Ian James Farrow (1936-2022): Non-Mariner’s Race founder was ‘character’ and snappy dresser
One of the originators of an offbeat annual tradition dating back the 1950s was a fun-loving mariner known for his personable nature.
Ian Farrow was a founder of the Non-Mariner’s Race – an irreverent take on Bermuda’s yachting tradition in which participants made a point of racing boats more likely to sink than win.
The yearly fiasco on the water, held at Mangrove Bay in Sandys in recent decades, stopped in 2018.
That occasion marked some 60 years after Mr Farrow, inspired by his friends, first took to the water for the non-race that originally went through Hamilton Harbour.
Mr Farrow, who got the nickname “Chappy” for his formal dress style, was also dubbed “the Sinbad of Bermuda” by the late MP Harry Viera, in a nod to his maritime adventures.
While the father of two enjoyed fishing and sailing his Sunfish, Mr Farrow and his friends hatched the idea for what became the Non-Mariner’s Race as “a lark” in the late 1950s, his son Jonathan said.
“He was a character, no doubt about it,” Jonathan Farrow added.
“My dad and his buddies were sitting around talking and decided they would have this race making their own boats.
“The next morning, my dad gets up and takes my old pram carriage down to Albuoy’s Point, and he takes it out on to the water.
“Obviously, it sank. The others were surprised he even showed up. They went from there.”
The brothers Eric and Anthony Amos were among the instigators of the Non-Mariner’s Race, which grew into a midsummer tradition.
Anthony Amos later recalled the first trial run of the Non-Mariner’s Race happening in 1960.
He told The Royal Gazette in 2012 that Mr Farrow on that occasion “jumped in the Sound one chilly January day astride a cello case”.
“He and the case sunk rapidly – the perfect non-mariner’s craft.”
Originally from Liverpool, Mr Farrow came to Bermuda on a whim.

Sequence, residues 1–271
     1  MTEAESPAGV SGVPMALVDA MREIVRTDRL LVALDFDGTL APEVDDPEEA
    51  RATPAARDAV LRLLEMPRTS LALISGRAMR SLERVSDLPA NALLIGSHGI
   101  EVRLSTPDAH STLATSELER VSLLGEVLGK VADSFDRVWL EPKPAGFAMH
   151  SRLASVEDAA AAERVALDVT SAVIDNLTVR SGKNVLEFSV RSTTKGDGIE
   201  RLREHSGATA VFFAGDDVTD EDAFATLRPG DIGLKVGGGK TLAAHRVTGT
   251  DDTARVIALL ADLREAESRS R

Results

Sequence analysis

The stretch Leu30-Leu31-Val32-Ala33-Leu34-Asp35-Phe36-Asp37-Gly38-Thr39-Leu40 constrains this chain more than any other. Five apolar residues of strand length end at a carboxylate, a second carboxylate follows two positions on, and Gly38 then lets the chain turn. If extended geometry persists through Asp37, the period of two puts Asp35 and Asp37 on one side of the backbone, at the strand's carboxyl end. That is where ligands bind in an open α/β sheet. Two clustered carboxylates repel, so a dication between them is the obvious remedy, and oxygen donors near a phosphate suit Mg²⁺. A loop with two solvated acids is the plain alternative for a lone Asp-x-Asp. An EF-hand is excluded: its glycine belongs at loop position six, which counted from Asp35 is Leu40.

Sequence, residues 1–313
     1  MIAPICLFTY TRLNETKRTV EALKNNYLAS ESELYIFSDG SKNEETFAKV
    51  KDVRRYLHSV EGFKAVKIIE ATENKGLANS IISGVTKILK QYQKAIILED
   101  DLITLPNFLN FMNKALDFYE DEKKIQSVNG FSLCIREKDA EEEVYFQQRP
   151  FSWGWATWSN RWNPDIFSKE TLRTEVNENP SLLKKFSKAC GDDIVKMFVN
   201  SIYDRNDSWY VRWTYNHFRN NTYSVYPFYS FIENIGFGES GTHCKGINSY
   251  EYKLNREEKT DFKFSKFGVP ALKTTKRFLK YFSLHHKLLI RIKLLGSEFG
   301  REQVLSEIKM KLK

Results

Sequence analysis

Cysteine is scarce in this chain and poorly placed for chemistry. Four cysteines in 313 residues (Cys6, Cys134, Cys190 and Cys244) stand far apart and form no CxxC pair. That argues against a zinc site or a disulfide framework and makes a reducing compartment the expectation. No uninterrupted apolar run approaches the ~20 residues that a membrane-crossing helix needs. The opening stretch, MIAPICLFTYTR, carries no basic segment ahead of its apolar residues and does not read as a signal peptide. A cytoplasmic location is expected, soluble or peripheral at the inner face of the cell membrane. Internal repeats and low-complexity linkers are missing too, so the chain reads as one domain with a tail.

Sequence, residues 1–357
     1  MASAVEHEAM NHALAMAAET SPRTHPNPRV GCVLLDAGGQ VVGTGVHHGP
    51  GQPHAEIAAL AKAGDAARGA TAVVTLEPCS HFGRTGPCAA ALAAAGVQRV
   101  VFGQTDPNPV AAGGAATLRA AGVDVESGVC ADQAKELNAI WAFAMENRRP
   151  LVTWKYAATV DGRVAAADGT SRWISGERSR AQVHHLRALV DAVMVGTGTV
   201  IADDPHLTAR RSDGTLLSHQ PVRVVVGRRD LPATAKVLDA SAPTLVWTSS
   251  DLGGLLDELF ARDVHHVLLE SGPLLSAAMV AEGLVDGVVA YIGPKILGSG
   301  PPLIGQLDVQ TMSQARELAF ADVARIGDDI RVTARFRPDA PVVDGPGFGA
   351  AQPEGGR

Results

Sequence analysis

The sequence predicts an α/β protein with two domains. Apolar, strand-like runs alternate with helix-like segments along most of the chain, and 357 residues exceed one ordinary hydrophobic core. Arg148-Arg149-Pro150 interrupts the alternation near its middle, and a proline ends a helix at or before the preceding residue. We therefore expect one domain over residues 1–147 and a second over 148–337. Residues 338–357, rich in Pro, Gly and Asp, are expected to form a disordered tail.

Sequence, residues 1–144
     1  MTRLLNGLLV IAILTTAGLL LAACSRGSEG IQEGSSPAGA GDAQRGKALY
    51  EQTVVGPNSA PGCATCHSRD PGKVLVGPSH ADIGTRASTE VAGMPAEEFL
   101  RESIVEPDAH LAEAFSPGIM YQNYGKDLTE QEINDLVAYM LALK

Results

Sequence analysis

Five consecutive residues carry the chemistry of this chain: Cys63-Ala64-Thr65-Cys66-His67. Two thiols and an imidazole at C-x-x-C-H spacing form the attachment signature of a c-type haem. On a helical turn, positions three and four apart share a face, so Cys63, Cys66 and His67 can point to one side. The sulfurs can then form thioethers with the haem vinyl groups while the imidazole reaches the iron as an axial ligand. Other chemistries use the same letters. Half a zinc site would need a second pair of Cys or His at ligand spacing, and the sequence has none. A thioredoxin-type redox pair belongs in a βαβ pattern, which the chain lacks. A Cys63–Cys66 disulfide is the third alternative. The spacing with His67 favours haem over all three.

His aunt had been stationed on the island during the Second World War when the British placed a team of women to Bermuda - known as censorettes - to sift through mail and parcels in search of war secrets and suspicious communications.
Mr Farrow, who was starting out in the insurance business, remembered his aunt’s postcards of Bermuda when he spotted work opportunities on the island.
“He was a newlywed looking for a job and remembered Bermuda being a beautiful place,” Jonathan Farrow said.
“He came out here to help start up Colonial Insurance.”
Mr Farrow and his late wife, Pat, had two sons in Bermuda: Jonathan and Christopher.
From its rocky start, the Non-Mariner’s Race proved a hit, with a chamber pot functioning as an improvised prize.
Early entries included fridges and beds.
The event moved to the East End before settling at Mangrove Bay in 1972 – where the Sandys Boat Club ended up with the tongue-in-cheek “rules” for conducting it.
Mr Farrow was recalled as affable by all who knew him, his son said – and a diehard Liverpool football fan.
“The response has been phenomenal,” he said. “Dad wore a jacket and tie and Bermuda shorts, and always had time to chat and joke with people.
“People always called him a gentleman.”
· Ian James Farrow, a founder of the Non-Mariner’s Race, was born on April 20, 1936. He died on May 9, 2022, aged 86.